The Ultimate Ravens Fan Guide
The best super fans, bars to watch the game, pro tailgating tips, and more.
Every fall, as the humidity subsides and the leaves turn crunchy on the sidewalks, shades of royal purple begin to blanket the city. You start hearing the familiar “Seven Nation Army” chant streaming out of sports bars. And every Monday morning, loyal fans passionately analyze the game on talk radio or in office break rooms throughout the region. It’s those fans, of course, that make the Ravens the phenomenon they are today. The way this young team in a mid-market city has been embraced is nothing short of impressive. “Our city is not always painted in the best light,” says Ravens VP of marketing Brad Downs. “But people who live here have tremendous pride. I go to a lot of road games and you’ll see stadiums that are half full—you can’t even imagine that here. The fans have adopted the team as a part of their identity.” So this guide is dedicated to them, the most loyal fans in the game. We talk to those enthusiastic fans in the stands, provide tailgating tips, round up the best places to watch the game, reveal stadium secrets, and even chat with nose tackle Brandon Williams about what the fans mean to him.
these ravens devotees wear their purple pride like a badge of honor.
aka Lauren Mueller
Kingsville resident Lauren Mueller remembers riding her bike to Memorial Stadium as a young girl to catch Colts games. “When they left, everyone was devastated,” she says. “So it was natural that I would be a Ravens fan.” What was surprising is just how far she took it. As the president of the Chamber of Ravens Nests, a social club for fans, she is always planning events and fundraisers. “It’s great because you get together once a month and meet new people,” she says. “No matter where you are, you can find people to watch a game with.”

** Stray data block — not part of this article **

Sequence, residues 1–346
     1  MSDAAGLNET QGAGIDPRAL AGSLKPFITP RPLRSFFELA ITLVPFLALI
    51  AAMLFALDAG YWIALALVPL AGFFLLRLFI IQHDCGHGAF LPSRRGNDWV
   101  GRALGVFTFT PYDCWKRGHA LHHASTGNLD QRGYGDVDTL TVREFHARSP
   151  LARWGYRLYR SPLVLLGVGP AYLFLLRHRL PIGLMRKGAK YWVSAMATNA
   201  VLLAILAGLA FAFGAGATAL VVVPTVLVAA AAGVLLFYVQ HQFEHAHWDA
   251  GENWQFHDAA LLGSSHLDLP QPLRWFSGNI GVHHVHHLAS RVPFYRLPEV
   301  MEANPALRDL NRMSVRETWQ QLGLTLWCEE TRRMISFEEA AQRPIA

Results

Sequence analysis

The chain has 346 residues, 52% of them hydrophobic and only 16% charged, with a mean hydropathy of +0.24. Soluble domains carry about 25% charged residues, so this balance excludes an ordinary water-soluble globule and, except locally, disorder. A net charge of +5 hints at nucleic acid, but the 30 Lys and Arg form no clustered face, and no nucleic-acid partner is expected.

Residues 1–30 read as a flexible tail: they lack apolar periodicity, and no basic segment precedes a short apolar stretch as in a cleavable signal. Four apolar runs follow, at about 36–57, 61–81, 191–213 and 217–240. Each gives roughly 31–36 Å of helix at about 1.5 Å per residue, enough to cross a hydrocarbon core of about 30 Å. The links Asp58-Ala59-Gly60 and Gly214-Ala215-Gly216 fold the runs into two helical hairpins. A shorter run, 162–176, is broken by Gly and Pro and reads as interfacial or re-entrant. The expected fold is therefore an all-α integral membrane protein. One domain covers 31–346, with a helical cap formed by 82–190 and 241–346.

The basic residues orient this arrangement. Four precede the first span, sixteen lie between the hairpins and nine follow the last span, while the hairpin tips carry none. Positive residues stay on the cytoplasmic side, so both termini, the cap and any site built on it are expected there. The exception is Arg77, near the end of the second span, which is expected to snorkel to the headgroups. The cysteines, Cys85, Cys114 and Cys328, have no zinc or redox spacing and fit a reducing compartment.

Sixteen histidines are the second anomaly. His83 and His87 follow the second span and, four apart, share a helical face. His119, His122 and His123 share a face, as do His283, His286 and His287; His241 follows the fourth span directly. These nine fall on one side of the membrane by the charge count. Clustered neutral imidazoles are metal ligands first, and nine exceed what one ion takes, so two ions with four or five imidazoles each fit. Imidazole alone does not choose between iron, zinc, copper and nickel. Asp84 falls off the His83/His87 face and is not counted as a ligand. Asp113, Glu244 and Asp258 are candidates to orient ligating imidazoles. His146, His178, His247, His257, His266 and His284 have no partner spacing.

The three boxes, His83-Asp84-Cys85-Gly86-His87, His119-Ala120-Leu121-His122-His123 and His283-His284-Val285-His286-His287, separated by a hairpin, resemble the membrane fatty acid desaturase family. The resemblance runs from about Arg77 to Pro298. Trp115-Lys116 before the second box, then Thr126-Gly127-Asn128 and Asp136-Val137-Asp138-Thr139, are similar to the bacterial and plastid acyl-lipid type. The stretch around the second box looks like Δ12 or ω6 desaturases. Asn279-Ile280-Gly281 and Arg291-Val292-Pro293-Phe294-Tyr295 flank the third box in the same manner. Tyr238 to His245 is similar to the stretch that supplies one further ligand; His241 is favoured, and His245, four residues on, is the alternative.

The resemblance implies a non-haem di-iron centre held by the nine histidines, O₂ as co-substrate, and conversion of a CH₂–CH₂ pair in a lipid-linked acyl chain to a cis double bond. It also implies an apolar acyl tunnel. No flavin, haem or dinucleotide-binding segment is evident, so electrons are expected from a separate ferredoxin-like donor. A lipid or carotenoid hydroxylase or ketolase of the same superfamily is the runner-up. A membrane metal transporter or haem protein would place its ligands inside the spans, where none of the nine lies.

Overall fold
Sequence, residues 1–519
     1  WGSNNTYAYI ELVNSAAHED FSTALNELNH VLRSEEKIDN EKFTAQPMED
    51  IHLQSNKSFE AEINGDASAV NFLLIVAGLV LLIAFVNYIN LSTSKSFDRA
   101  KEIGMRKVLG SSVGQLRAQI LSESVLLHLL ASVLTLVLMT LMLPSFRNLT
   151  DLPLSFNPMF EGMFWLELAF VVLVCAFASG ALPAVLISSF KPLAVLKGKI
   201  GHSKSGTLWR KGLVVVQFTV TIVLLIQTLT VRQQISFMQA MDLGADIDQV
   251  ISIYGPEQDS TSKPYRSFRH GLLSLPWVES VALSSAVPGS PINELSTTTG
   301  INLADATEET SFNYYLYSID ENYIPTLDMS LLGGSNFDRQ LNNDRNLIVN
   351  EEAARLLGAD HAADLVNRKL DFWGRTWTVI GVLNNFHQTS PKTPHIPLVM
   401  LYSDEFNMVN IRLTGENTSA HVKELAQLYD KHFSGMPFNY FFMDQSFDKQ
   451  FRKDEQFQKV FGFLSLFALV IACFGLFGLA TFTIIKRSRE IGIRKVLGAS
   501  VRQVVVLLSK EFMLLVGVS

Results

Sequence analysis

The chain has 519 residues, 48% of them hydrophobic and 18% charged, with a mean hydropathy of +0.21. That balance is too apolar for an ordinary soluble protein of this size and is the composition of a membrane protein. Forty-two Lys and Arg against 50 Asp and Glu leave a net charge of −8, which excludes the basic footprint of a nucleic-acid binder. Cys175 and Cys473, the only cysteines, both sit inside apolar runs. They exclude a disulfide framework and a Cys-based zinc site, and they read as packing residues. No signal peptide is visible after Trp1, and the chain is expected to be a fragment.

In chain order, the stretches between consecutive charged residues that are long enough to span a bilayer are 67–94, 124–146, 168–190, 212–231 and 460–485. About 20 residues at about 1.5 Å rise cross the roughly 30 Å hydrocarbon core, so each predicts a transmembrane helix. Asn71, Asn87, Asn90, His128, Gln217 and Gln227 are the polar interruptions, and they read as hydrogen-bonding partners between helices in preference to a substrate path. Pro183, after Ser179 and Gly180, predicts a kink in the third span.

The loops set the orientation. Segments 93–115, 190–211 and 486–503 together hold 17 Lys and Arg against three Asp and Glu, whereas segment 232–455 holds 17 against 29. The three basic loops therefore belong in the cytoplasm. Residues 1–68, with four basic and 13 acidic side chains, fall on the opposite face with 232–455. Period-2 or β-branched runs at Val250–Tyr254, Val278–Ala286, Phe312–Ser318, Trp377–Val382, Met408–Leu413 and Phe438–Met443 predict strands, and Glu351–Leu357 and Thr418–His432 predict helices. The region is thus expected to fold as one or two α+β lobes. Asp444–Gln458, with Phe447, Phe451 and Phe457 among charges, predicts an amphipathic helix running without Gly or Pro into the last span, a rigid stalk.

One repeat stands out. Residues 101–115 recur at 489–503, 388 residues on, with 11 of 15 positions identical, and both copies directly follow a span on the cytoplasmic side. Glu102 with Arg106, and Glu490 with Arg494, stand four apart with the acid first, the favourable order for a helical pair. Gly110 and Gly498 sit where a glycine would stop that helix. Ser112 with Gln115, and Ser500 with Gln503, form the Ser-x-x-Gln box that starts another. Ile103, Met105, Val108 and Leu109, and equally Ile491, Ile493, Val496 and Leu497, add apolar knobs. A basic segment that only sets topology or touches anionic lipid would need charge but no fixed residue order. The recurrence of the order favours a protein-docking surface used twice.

“We love standing in front of the stadium and greeting people as they walk in, Just to say Baltimore is a friendly place.”
In 2008, her fandom evolved even more when she started dressing like a hon for games— complete with cat’s-eye glasses and a beehive. When she was asked to be in the Bel Air parade, organizers inquired if there were others like her. So she started a group called the RavHons, which consists of her, aka Crabby Patty, and Spicy McCormick, Beth Steele, and Natalie Boh. “We love standing in front of the stadium and greeting people as they walk in,” she says. “Just to say Baltimore is a friendly place.” And in case anyone was worried, she and her fellow hons sport a low beehive on game days: “We don’t want to block anyone’s view.”
Mueller’s routine also includes visiting the firehouse across from Lot N, drinking cherry bombs, and watching the marching band.
“I love the people in this city,” she says. “When we’re watching the game, we’re not rich, not poor, not black, not white. We’re just Ravens fans.”